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Wine BottlesFall is upon us and along with it come the annual pressures of the holiday planning. Travel reservations are being confirmed, recipes are being clipped and budgets are getting checked. If you’re like us, wine will be on the menu, so it’s an easy place to start, allowing one less stress ahead. If you’ve avoided serving wine in the past because you thought it was too expensive, reconsider. It’s no longer a pricey treat; it can fit into almost any budget.

A day can make a difference. Look for the best opportunity for savings at fine wine retailers, whether it’s buying by the case or on “wine day.” If you were told you could save 10 percent to 20 percent for simply buying your wine on a certain day of the week, most likely that would be an easy choice.

Make friends with your wine shop staff. With any shopping relationship you should get to know your retailer. With simple conversations they will begin to understand your likes and dislikes and can guide you to the best wines available. And always remember, the best way to find great savings is to simply ask.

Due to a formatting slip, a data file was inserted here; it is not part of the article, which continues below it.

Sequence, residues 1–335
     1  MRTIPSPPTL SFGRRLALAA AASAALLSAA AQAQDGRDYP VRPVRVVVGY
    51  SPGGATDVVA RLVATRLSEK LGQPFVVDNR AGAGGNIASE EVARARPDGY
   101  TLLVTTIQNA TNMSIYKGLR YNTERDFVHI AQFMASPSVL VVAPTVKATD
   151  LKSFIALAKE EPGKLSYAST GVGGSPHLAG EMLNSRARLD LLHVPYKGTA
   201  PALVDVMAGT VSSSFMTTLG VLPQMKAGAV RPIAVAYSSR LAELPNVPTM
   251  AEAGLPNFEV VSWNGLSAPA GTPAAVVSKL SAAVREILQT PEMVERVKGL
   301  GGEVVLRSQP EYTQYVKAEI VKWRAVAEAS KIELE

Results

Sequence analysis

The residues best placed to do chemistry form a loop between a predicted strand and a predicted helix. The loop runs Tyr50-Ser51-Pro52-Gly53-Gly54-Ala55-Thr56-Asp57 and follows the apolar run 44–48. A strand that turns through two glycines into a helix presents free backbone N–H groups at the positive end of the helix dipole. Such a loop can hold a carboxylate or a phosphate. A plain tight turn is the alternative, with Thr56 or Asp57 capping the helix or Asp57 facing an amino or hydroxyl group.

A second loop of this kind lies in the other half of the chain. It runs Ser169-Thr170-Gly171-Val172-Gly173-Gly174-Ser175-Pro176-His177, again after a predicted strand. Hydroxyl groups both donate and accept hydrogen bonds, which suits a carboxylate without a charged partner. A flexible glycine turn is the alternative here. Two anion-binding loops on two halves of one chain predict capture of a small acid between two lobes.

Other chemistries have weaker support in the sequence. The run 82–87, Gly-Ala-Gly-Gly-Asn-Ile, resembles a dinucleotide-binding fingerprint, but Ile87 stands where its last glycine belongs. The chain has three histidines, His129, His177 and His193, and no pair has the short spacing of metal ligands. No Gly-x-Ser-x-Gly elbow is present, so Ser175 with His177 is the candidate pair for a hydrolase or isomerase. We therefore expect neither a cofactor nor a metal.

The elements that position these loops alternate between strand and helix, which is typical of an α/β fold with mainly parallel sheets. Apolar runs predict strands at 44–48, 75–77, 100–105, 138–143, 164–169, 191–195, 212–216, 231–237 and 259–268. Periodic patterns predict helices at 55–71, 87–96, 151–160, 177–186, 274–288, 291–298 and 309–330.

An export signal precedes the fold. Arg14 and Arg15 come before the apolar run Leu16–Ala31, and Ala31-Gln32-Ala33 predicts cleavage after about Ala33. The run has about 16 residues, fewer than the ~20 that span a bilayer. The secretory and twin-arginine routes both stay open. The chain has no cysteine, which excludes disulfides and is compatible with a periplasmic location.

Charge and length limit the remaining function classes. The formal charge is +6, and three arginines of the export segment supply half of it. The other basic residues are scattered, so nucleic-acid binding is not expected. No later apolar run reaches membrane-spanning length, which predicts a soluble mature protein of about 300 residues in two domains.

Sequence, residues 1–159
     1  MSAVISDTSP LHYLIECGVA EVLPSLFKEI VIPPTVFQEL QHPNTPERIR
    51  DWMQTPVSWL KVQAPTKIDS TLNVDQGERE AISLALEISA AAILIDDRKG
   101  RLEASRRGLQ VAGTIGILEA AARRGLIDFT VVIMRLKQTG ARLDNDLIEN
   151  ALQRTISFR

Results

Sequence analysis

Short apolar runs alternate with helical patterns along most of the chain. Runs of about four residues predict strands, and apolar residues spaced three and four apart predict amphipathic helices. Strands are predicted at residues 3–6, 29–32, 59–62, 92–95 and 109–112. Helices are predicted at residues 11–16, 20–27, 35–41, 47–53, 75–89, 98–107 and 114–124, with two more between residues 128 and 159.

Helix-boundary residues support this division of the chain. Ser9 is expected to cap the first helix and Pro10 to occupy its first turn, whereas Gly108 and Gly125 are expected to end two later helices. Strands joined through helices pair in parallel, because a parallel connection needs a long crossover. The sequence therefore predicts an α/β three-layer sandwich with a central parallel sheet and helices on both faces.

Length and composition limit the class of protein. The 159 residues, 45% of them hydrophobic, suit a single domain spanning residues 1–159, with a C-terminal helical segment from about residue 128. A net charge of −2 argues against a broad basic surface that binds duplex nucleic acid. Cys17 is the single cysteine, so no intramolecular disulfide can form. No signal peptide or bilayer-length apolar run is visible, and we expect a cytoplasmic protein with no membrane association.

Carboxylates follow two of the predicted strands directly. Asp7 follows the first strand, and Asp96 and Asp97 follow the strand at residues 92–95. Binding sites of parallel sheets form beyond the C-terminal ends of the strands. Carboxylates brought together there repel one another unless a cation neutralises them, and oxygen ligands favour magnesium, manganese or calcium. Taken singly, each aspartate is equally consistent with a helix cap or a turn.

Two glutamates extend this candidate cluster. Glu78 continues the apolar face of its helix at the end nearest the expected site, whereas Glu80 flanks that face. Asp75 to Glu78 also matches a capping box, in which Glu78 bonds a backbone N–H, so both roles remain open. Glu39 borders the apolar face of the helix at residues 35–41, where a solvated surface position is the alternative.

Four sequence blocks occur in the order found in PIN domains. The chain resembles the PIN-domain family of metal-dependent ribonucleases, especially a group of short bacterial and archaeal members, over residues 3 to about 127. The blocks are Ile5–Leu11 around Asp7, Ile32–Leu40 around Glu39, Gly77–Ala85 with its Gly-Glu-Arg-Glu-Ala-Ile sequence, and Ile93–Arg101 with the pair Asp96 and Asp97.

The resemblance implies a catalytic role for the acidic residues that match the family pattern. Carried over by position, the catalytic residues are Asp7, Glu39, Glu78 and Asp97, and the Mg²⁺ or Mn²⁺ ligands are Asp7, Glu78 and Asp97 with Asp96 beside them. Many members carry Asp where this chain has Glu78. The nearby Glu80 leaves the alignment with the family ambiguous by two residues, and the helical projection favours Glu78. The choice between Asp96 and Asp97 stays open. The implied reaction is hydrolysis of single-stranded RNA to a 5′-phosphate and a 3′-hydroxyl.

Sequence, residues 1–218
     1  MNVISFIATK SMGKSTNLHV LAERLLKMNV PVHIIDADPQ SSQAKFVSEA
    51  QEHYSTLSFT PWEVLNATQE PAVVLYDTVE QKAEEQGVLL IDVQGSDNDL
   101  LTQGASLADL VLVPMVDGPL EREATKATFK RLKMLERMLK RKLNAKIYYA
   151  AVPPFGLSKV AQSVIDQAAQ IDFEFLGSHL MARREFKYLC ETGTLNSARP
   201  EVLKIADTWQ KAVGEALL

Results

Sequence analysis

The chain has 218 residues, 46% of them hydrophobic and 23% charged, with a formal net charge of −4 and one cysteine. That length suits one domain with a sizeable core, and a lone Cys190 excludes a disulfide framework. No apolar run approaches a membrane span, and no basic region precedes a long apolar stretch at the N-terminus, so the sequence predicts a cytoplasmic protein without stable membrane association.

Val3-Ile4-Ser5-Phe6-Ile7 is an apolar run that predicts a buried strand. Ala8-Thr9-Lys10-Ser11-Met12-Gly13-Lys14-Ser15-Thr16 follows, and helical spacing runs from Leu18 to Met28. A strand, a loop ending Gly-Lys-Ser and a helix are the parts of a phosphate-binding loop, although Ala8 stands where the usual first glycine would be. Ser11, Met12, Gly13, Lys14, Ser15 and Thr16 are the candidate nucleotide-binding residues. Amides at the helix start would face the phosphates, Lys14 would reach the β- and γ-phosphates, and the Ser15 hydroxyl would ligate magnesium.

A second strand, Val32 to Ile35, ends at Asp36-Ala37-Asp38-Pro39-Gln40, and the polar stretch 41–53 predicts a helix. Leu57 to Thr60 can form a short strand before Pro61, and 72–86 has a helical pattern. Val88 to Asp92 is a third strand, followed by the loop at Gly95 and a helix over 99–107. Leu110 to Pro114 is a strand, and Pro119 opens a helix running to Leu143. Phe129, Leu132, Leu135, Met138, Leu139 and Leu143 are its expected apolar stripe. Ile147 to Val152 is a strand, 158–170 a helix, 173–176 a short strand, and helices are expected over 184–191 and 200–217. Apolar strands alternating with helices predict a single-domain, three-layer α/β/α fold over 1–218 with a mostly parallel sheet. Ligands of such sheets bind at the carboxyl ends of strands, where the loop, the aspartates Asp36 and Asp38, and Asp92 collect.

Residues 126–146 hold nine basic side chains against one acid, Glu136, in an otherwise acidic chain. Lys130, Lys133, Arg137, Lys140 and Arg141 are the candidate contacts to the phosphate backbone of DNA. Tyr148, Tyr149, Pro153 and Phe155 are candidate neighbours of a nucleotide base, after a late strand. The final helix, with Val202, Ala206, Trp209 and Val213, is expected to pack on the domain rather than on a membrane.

Respect the box. With more and more quality wines available, boxed wine is ideal for large or small gatherings. A 3-liter box is the same volume as four standard wine bottles, yet many boxed wines sell for less than $20. With the airtight preservation you can keep it up to a month, making it a solution for parties when you aren’t sure the amount that will be consumed. If you want to remove the stigma ofthe image, simply pour into decorative wine carafes before serving.

Explore the wine world. Many European regions offer tasty wine values, but searching for a specific bottle can beexhausting with the myriad labels, producers and vintage variations. Consider emerging wine regions with little or no recognition. Chile and Argentina continue to offer remarkable value, but also consider Spanish tempranillo and Italian chianti.

Keep your options open. Many quality wines are available at value prices. For quick savings, substitute blanc de blanc in place of vintage Champagne, malbec for cabernet sauvignon, merlot for pinot noir and late-bottled vintage port for vintage port.


  • 2011 Chateau Ste. Michelle Riesling, Washington (about $11 retail)
  • NV La Marca Prosecco, Italy (about $14 retail)
  • 2011 PromisQous White Blend, California (about $9 retail)
  • 2011 Apothic White Winemakers Blend, California (about $13 retail)
  • 2011 Bogle Vineyards Merlot, California (about $10 retail)
  • 2011 Root One Carmenere, Chile (about $11 retail)
  • 2011 Grayson Cellars Lot 10 Cabernet Sauvignon, California (about $12 retail)